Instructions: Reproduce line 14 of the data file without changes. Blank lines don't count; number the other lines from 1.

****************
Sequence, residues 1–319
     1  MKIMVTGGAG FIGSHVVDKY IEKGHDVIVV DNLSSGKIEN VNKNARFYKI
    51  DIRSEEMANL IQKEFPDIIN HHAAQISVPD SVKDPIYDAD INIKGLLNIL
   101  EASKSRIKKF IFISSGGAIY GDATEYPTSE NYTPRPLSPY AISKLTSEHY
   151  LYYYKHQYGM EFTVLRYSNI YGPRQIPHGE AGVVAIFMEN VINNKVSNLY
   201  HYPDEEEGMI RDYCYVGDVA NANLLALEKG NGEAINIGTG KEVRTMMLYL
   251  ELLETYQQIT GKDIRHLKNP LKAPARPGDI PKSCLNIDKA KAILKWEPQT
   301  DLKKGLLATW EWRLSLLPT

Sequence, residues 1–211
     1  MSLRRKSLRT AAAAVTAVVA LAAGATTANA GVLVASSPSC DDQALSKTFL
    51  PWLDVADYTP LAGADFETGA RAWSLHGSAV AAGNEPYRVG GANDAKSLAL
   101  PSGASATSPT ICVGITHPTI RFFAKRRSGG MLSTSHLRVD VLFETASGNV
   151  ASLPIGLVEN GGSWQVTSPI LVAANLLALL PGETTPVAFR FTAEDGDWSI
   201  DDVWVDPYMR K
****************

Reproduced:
   201  DDVWVDPYMR K